Irish-American Acetate Discs, 1940–50s

Irish-American Acetate Discs, 1940–50s

Now playing: Miss Roddy, reel ; and other reels / Martin Wynne, fiddle
  1. Miss Roddy, reel ; and other reels / Martin Wynne, fiddle
  2. The reel of bogie / James ‘Lad’ O’Beirne, fiddle, & Andy McGann, fiddle
  3. The Kerry reel / Martin Wynne, fiddle
  4. Lord McDonald, reel ; & other reels / James ‘Lad’ O’Beirne, fiddle, & Andy McGann, fiddle
  5. Music in the glen, reel ; McFadden’s reel / Martin Wynne, fiddle, & others
  6. Ennis’ reel ; Carney’s reel / Martin Wynne, fiddle, & others
  7. Lord McDonald, reel / Martin Wynne, fiddle
  8. The flogging reel ; The mountain top, reel / Martin Wynne, fiddle

Irish-American Acetate Discs, 1940–50s

Acetate discs were originally used in recording studios from the 1930s to the early 1950s, before the introduction of tape recording, for making test copies of recordings. They consisted of aluminium plates covered with a thin layer of lacquer, and sound was cut directly onto the lacquer. They were only intended for temporary use and became inaudible after many playings. Acetates were also used in radio work, and some commercial companies recorded performers on acetate disc for a fee.

The eight acetate recordings presented above come from the collection of the late John Brennan, a Ballisodare, Co Sligo, flute player resident in Dublin, and they were donated to the Irish Traditional Music Archive in 2008 by his son John who lives in Denmark, per Peter Sorenson.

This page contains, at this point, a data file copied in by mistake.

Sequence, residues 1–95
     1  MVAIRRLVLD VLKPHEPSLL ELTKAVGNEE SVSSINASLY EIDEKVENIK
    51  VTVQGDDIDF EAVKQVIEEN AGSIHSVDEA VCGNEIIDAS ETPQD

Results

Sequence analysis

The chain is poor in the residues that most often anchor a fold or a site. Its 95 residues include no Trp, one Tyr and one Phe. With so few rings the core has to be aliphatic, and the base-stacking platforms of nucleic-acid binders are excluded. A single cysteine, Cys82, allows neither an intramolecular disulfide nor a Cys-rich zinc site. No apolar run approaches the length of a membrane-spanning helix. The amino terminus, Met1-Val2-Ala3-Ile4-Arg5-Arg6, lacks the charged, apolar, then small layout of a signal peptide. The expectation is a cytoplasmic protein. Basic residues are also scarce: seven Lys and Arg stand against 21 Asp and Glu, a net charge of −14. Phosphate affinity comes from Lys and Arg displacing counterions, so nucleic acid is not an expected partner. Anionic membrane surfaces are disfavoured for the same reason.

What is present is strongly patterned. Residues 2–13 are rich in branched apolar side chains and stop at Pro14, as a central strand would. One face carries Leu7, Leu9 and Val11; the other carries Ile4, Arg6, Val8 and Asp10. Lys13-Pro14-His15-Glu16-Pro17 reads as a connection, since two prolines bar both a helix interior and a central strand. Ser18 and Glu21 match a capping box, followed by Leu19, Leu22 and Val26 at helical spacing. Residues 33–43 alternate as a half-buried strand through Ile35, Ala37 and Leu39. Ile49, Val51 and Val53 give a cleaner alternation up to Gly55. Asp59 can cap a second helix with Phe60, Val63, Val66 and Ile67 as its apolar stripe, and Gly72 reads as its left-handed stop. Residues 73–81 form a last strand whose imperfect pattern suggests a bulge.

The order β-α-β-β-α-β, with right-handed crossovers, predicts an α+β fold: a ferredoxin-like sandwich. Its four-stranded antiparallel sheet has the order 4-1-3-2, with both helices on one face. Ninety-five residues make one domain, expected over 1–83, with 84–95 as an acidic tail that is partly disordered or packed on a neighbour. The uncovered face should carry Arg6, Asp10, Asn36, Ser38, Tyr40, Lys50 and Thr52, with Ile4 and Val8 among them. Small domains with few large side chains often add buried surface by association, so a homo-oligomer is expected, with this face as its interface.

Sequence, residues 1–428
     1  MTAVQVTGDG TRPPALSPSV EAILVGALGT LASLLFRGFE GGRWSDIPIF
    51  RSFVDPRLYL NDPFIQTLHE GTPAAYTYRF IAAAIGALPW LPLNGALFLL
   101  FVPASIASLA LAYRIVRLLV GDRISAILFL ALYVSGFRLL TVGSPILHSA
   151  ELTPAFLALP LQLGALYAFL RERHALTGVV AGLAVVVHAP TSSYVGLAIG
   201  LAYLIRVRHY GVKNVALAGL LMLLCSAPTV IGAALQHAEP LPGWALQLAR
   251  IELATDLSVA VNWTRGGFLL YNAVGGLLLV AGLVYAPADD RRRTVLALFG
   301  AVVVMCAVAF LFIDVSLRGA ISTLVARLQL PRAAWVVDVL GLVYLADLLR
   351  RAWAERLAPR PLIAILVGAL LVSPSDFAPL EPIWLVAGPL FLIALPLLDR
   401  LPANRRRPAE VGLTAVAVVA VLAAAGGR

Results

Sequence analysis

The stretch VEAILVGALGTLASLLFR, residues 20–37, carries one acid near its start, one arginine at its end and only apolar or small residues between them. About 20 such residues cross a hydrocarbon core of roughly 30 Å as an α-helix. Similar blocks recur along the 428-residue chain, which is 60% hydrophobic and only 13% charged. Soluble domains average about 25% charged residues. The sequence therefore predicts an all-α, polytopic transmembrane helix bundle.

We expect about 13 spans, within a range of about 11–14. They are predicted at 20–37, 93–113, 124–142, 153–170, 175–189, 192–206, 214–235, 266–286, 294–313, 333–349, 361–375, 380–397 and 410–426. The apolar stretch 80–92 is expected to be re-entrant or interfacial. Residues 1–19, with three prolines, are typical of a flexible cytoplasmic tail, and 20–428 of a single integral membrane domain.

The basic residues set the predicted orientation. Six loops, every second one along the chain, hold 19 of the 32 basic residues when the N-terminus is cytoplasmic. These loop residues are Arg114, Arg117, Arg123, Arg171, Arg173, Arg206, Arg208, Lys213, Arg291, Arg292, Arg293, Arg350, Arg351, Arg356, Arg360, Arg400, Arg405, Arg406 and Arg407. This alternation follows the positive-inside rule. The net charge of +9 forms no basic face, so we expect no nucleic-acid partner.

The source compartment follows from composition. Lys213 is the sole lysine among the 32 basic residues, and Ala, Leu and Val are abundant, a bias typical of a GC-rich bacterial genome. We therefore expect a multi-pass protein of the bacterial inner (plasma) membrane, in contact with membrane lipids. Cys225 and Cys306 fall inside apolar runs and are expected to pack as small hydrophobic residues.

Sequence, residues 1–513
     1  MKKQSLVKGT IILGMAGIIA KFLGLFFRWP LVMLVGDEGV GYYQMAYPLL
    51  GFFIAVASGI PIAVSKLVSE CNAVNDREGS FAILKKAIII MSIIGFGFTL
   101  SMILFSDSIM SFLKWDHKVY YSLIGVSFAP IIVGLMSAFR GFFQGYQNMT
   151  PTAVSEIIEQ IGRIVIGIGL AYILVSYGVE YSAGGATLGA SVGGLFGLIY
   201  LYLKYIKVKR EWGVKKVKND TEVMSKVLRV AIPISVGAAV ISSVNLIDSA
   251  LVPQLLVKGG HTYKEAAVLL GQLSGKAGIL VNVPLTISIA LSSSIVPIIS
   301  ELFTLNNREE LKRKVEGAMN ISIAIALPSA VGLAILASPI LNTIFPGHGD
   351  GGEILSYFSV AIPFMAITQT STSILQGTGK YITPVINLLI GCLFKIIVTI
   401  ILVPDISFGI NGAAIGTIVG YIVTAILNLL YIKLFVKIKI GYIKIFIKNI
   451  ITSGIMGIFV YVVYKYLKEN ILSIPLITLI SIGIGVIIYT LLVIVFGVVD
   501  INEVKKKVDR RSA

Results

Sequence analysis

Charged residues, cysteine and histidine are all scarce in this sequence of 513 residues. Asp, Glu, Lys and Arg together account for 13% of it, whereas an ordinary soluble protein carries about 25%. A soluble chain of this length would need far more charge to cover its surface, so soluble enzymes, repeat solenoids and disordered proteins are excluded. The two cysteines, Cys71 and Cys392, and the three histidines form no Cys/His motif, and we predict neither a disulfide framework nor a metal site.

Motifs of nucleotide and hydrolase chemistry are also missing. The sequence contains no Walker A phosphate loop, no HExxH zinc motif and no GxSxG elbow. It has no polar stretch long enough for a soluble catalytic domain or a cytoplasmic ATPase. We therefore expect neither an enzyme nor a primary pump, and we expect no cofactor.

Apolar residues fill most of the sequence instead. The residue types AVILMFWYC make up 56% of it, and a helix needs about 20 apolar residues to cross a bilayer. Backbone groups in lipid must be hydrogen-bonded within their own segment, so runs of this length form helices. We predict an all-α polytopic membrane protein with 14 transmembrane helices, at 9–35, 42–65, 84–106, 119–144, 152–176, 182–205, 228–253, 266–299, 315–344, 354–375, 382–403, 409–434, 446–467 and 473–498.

John Brennan was friendly with the Sligo fiddle players James ‘Lad’ O’Beirne (1911–80) and Martin Wynne (1913–98), who were resident in New York and whose playing is featured on the discs. Lad O’Beirne, who had emigrated there in 1928, had a homemade acetate disc-cutting machine, and this was doubtless the original source of most of the recordings. Martin Wynne came to the United States in 1948, and seems to have made the first two of these recordings with an unknown pianist in London before emigrating. Lad O’Beirne accompanies Wynne on piano on the latter’s New York recordings. The New York-born fiddle player Andy McGann (1928–2004) is also to be heard on one of the recordings, in duet with O’Beirne on fiddle and accompanied on piano by Jerry Wallace (1929–91). All of these musicians were influenced by the famous New York-based Sligo fiddle player and recording artist Michael Coleman (1891–1945), as can be heard in the repertory and style on the discs.

These recordings seem to have been made in the late 1940s and in 1950. The discs have been heavily used and their sound quality is now poor. The first six have been remastered to the highest level possible by Harry Bradshaw for ITMA; the other two recordings are less audible but are included for their historical and technical interest.

Do you have other acetate discs of Irish traditional music? ITMA would welcome their donation or the opportunity to copy them.

With thanks to record donor John Brennan and to Peter Sorenson for his good offices.

NC, HB & DD, 1 December 2009